We all go into our face-to-face classes with some idea of what we are going to be doing during that day. Some professors like to wing it and have just a few notes to go off of, other have class totally mapped out including what they plan to say.
I tend to fall on the more prepared end of the spectrum. One way I have come to facilitate that preparation is to actually create a lesson plan. My lesson plans have taken different formats depending on the course and my experience teaching the course. For today’s post I’m going to share three different ways I have done this and describe how I have used them in each class.
First, is the PowerPoint method I use in General Psychology. Here is some important context:
This is what a typical lesson plan looks like:
For each class period, I create a corresponding slide arranged in this way. Within the presentation, they are placed in order and include sections by exam. The first slide is a table that hyperlinks to each slide so I don’t have to scroll through them when it gets late in the semester. I take a tablet to class that I can display this slide during the period to refer to.
Take Attendance: This links directly to our university’s attendance portal. Because I use a tablet to display my lesson plan, I can take attendance this way and not have to worry about entering it later (this also forces me to learn my students’ names)*.
Due before class: Describes what readings the students had to do and whether there was an associated quiz due.
During class: Here is where I outline the various activities I plan to do during the class and the order I plan to do them. I include relevant links, descriptions of activities, etc. Sometimes I include an outline of notes I need to make sure to give students, especially if it’s a topic I’m not particularly strong in.
Learning objectives: Here I include which learning objectives/study guide items this particular class period relates to. This helps me remind students what they should now be able to answer on their study guides. I like doing this in an introductory level class to provide students with some scaffolding as they prepare for their exams.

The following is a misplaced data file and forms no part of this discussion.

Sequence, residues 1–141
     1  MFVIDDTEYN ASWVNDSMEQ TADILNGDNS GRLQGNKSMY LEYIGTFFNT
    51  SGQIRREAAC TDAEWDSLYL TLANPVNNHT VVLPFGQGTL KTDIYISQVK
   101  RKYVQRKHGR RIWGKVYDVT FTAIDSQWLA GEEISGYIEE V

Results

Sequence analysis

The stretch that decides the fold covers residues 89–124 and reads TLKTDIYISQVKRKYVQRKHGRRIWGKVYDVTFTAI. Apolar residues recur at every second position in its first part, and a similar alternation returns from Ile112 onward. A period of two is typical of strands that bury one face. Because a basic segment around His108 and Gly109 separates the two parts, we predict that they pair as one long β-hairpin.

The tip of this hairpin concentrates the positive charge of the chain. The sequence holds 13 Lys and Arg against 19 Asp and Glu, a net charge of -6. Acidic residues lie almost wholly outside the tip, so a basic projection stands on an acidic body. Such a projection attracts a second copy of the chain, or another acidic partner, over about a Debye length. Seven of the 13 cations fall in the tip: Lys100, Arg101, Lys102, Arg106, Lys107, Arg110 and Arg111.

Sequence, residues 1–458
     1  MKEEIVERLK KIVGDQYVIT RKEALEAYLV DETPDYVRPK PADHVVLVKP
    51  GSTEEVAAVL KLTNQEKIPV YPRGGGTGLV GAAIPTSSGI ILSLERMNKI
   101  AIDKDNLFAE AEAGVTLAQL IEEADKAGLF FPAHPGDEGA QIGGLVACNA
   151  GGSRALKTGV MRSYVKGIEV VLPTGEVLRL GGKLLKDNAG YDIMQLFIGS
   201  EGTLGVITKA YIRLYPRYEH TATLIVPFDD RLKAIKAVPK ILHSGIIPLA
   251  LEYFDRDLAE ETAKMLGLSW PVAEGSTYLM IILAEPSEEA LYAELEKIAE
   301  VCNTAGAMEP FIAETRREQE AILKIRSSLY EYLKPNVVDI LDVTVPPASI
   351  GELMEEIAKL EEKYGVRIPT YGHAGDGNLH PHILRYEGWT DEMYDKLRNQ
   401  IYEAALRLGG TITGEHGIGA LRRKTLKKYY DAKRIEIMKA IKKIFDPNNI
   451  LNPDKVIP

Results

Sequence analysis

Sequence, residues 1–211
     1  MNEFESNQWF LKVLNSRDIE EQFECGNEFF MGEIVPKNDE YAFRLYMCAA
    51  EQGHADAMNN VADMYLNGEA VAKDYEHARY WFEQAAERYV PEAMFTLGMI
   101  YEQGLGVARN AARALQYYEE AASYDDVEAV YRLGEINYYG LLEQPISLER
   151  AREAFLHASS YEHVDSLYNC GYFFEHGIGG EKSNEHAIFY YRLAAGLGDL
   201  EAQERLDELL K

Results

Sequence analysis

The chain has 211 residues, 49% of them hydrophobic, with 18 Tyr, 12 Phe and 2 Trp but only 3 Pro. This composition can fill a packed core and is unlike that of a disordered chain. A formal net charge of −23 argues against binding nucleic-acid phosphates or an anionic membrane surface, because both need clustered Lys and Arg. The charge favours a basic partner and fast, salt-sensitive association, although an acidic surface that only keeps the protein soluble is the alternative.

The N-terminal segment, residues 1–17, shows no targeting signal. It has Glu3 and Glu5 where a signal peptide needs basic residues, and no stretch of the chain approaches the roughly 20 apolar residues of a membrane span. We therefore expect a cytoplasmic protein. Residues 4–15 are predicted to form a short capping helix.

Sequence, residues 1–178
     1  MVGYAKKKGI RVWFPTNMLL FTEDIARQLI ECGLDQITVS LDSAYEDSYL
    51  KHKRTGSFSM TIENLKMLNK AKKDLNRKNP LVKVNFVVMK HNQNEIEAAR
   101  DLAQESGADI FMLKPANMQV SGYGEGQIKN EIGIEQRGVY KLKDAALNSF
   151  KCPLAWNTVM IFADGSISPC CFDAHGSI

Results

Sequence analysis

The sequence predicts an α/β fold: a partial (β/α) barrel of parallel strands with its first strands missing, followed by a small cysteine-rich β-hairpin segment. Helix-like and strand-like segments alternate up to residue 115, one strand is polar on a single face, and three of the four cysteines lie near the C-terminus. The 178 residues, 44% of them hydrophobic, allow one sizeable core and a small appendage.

Assign: Here I include the reading due for the next class period and/or upcoming assignments or exams. I don’t always verbally remind students about specific readings or quizzes, but try to for other assignments or exams. This can also be a useful reminder for myself when it comes to helping students make connections across class periods.
*I also include a seating chart in my slide deck to help me learn names during the first couple of weeks and ask students to sit in the same seats for about that long.
Another approach I use is through a word document. This is something I have used in Applied Statistics to keep all of my material in one place. Here is some important context:
These lesson plans are much more detailed! This is what a typical lesson plan looks like (the actual lesson is about 8 pages long):
Again, with this method, the aim was to bring all my material together. A given lesson includes:
Quiz questions and answers from the reading quizzes
Photos of answers from the student booklet
Copies of my lecture slides
Solutions to activities
This information follows along in the order of the class which makes it easier to follow then jumping between all the different materials. It’s also less stuff to take to class. This is something I use electronically but could print it off in a pinch.
I also included elements for organization like I do with the PowerPoint method including a seating chart and a hyperlinked table with the schedule of lectures.
A great thing with this approach is that I can add comments in the moment or right after class if I need to update the lecture next time. I can then go directly to this document next semester when I am prepping for class.
The last approach I have used is also with word, but in a different way. This is something that I worked on when prepping a required freshman seminar class that I taught. I taught one of several sections and decided to team-prep the course with three other instructors to help distribute the work. Here is some important context:
This method strikes a balance between the earlier two examples in terms of detail. Each week one of us created something like this:
Before class: Outlined the readings or assignments that students had to complete before class.
During class: Describes two-three activities for class time; this section is much more descriptive than in my first example as the instructions were aimed at the other instructors in the group.
Some weeks also included an After class section if students have big assignments coming up.
Each of these methods include some basic elements but vary in their descriptiveness. I have found that the first and second methods work particularly well when the class is more developed and the third is useful for classes that are in development. Hopefully something you see here may be helpful for you as you are planning out your classes this semester.
If you are interested in any of these documents to use as a template, email us at firstname.lastname@example.org or comment below with a way to contact you and I am happy to share them with you!!
Best wishes for your semester.
Written by Ciara Kidder